This week, Apple is concealing its moves, Microsoft is enhancing its Game Pass and YouTube is serving up a little crypto mining.
Scott is a developer who has worked on projects of varying sizes, including all of the PLuGHiTz Corporation properties. He is also known in the gaming world for his time supporting the DDR community, through DDRLover and hosting tournaments throughout the Tampa Bar Area. Currently, when he is not working on software projects or hosting F5 Live: Refreshing Technology, Scott can often be found returning to his high school days working with the Foundation for Inspiration and Recognition of Science and Technology (FIRST), mentoring teams and judging engineering notebooks at competitions. He has also helped found a student software learning group, the ASCII Warriors.
Avram's been in love with PCs since he played original Castle Wolfenstein on an Apple II+. Before joining Tom's Hardware, for 10 years, he served as Online Editorial Director for sister sites Tom's Guide and Laptop Mag, where he programmed the CMS and many of the benchmarks. When he's not editing, writing or stumbling around trade show halls, you'll find him building Arduino robots with his son and watching every single superhero show on the CW.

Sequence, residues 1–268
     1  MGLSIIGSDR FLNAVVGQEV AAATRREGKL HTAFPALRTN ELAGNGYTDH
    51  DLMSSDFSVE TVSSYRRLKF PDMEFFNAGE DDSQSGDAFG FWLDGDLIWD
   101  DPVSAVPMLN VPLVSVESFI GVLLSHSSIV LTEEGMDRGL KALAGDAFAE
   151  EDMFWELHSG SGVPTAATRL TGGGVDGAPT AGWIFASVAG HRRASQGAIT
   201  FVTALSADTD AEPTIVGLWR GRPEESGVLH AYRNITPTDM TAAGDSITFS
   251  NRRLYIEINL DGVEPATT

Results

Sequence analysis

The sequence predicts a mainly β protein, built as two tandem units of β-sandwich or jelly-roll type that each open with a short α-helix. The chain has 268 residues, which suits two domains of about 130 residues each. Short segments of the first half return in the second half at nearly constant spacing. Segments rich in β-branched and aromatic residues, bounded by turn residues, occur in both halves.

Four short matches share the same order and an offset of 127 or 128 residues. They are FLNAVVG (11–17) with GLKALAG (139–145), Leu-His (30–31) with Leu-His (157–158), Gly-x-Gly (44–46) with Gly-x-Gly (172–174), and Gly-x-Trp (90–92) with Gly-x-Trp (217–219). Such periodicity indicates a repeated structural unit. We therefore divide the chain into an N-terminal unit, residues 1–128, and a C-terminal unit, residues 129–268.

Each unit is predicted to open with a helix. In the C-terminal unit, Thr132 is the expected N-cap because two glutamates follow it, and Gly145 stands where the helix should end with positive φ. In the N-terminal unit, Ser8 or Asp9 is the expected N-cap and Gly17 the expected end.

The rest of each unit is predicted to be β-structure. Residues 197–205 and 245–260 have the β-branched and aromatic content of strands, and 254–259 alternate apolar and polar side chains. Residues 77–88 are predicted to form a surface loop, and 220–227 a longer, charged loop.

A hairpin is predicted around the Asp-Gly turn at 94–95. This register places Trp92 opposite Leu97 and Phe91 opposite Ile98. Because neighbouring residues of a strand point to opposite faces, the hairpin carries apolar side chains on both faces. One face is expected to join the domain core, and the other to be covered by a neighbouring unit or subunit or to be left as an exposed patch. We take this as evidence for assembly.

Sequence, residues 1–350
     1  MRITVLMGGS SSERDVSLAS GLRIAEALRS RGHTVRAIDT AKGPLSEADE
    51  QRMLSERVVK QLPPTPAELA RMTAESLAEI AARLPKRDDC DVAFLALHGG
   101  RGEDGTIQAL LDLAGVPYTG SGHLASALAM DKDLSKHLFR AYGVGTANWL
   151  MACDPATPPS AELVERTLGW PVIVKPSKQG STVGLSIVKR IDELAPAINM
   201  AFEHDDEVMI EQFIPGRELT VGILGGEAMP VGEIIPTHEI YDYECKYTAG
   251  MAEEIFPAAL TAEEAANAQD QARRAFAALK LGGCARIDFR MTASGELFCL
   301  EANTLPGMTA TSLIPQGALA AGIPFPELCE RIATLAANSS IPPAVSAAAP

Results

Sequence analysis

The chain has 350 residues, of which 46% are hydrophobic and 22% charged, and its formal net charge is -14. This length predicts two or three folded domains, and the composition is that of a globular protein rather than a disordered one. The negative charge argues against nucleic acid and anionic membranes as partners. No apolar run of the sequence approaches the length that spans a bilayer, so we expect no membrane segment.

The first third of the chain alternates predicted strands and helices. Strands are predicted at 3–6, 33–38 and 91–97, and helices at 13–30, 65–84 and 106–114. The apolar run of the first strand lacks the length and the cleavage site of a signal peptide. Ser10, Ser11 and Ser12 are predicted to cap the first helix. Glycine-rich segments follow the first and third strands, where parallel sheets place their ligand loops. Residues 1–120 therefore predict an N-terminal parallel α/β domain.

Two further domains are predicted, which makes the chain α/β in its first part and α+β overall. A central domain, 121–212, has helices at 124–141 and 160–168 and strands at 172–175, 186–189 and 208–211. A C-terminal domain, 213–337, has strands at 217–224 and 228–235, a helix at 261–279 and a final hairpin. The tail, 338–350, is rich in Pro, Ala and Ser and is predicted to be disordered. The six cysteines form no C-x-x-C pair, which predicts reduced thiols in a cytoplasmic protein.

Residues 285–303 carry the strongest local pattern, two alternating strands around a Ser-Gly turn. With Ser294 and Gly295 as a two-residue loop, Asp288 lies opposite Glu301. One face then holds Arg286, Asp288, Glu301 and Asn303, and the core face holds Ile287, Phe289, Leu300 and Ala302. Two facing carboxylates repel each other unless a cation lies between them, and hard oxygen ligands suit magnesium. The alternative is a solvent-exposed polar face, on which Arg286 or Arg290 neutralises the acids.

This week has been a whirlwind of analyst predictions for Apple's future, and for the first time in several years, there is no clear story. Normally analysts are able to piece together the company's plans based on just a few factors, such as current product sell-through rates, parts orders and manufacturer contracts. This years, the numbers are all over the place, and there is no picture coming to light.
While the company has expanded its offerings in recent years, there is no doubt that GameStop's main business is in used games. A number of threats have caused the company's diversification, but analysts at The Motley Fool believe that a new move from Microsoft could be a nail in GameStop's coffin.
Over the past year, the value of cryptocurrencies has fluctuated up and down, with Bitcoin reaching unimaginable highs. While value has been variable, there has been one constant: insecurity. Despite the idea that these coins are based on encryption, somehow the way the coins are stored, in digital wallets, is far from it. In fact, it seems that stealing these coins might be the easiest way to make a quick buck. This week, two more exchanges suffered breaches, in one form or another.
Browser-based cryptocurrency mining has become a bit of a drain, both on the internet and on people's computers. Some sites have implemented the process as a supplement for lost ad revenue due to ad blockers. Others have taken it a step farther, introducing mining software into the ads that show on those websites themselves.